Actor-Director Stephen Fung, whose career spans over 30 years in the Hong Kong, brought his expertise to the small screen in Wu Assassins, Netflix's first martial arts-focused original series. The action-fantasy led by The Raid's Iko Uwais and Vikings Katheryn Winnick blends elements of superhero origin, coming-of-age, fantasy and science fiction.
Fung spoke with The Hollywood Reporter to explain how the series came together. He said those already familiar with The Raid franchise should see Uwais make use of silat, an Indonesian and Malay fighting style – which is a departure seen in his previous films as he made his name with the Hong Kong wuxia and tai chi fighting styles.
Fung directed the first two episodes of Wu Assassins and served as executive producer. He previously worked on AMC's Into the Badlands, serving as executive producer, director, and stunt fight director.
Set in present-day San Francisco, the story follows an aspiring chef (Uwais), who discovers he's the sole surviving heir of the Wu Assassins bloodlike. With Uwais and Winnick, Fung explains how their martial arts stand out compared to those more familiar with the Hong Kong style.
"Iko is a famous action star in Southeast Asia and Katheryn is a black belt in Taekwondo, and their action styles are very different from the kind we're used to in Hong Kong action cinema. It gave me a fresh perspective and pushed me to think out of the box,"
A staple of Chinese martial arts cinema is the process of fight choreography, which directors like Fung many times will use trained dancers in their films, like Zhang Ziyi.
"For Chinese martial arts cinema, aesthetics come first. When there is a fight onscreen, we don't pull real punches. It depends more on whether the choreography is visually pleasing, how the body language is expressed, with the help of wires, so it is more like a dance than be actually practical. But with Iko's martial arts discipline of silat, the fighting is more practical and there are a lot of joint locks. So filming Iko I could emphasize less on the aesthetics and use a more down-and-dirty handheld style, get a grainy feel and immerse the audience right in the middle of the action."
The "Wu" in Wu Assassins refers to the theory employed in diverse fields of Chinese thoughts including cosmology, Chinese medicine, military strategy and martial arts:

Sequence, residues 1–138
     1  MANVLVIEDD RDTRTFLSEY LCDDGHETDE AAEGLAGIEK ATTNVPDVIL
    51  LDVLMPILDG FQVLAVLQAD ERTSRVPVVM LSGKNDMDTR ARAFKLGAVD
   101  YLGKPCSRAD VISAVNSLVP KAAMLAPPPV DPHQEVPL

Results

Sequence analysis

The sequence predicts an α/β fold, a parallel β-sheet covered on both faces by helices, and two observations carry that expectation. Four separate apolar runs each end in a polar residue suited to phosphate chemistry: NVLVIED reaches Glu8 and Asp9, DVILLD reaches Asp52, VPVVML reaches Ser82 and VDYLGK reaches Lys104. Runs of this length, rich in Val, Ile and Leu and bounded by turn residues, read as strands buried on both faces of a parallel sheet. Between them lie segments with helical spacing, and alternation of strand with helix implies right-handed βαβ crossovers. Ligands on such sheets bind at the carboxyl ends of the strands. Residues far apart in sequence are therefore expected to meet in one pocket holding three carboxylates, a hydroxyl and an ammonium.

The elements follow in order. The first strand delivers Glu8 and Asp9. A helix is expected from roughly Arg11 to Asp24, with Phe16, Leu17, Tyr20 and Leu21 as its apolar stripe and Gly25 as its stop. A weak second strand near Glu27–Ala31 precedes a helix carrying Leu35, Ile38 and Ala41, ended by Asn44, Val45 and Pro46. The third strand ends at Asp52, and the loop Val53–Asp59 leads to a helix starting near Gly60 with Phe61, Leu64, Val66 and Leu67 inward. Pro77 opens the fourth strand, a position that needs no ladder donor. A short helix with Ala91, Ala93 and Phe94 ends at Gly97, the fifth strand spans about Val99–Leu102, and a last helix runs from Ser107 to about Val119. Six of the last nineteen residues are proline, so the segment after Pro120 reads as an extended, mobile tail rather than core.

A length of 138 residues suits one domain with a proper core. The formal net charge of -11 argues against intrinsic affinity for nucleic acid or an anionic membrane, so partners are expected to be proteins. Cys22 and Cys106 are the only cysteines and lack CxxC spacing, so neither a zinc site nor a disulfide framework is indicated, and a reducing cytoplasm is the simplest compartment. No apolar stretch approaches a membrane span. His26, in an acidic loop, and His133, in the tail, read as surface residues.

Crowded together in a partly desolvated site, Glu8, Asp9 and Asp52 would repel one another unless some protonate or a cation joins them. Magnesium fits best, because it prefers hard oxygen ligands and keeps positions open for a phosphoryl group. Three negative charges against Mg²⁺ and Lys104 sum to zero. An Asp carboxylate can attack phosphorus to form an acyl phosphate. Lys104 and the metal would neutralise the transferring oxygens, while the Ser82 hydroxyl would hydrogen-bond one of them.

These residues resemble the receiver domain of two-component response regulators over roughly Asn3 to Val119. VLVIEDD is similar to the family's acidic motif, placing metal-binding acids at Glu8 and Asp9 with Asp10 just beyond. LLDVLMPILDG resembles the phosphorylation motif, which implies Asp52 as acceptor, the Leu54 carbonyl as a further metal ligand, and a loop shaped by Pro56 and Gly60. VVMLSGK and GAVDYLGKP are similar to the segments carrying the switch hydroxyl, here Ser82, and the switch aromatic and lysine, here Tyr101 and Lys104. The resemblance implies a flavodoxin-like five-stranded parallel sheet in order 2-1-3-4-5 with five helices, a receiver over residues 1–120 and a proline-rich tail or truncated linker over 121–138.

"I was quite intrigued by the title at the beginning, and wondered whether 'Wu' was a surname, or was derived from Wuxia [martial heroes] or Wu-Tang [a martial arts sect]. But after reading the script I realized 'Wu' referred to 'Wu Xing', the Five Elements theory."
Fung credits AMC and Netflix for giving him the creative autonomy for his shows:
"Both Netflix and AMC gave us a high degree of creative freedom, as they were tapping into an unknown territory, which is the martial arts genre. Since they are unfamiliar with tackling this genre, they trusted our abilities more. If they are making a series in the genre they are experienced in, they didn't have to hire us and could just work with an entirely local creative team. So I think this made our job easier — because they were convinced of our expertise from the get-go. Both have been very hands-off."
Fung attributes the struggles the martial arts genre in recent years to lack of up-and-coming stars:
"I don't think the prospects of Hong Kong martial arts cinema are very promising, and that is mainly due to the lack of up-and-coming action stars. Even when I was prepping Tai Chi 0 and Tai Chi Hero, we tried to find new action actors, but at the end of the day, it depends on whether the audience accept the newcomers. After Donnie Yen, the frontrunner is Max Zhang, but he can't star in each and every action film. Like the rise of Tony Jaa driving the action cinema in Thailand, the emergence of a new action star is key to a revival in Hong Kong action films. And for that, we have to wait."
Though action stars like Jackie Chan and Jet Li aren't regularly seen in theatrical films stateside nowadays, Ip Man star Donnie Yen seen continued crossover success both in Hong Kong and US markets even making the rare mainstream franchise appearance with Star Wars in Rogue One.
Fung's influences expand beyond martial arts with comic books (especially Iron Man), and Star Wars and has hopes working in the Marvel Cinematic Universe and the Star Wars franchise in the future. He was even in talks to work on the second season of the Netflix TV series Iron Fist, but scheduling made those plans fall flat.
"I would fall over backwards to do it given such a chance. Not only the MCU, I'd love to be able to be involved in the Star Wars films. They were such a big part of my childhood."
What MCU heroes could you see Feng directing?
Do you see him getting involved with a future Star Wars project like a solo film or a show like The Mandalorian?
Wu Assassins streams beginning August 8th on Netflix.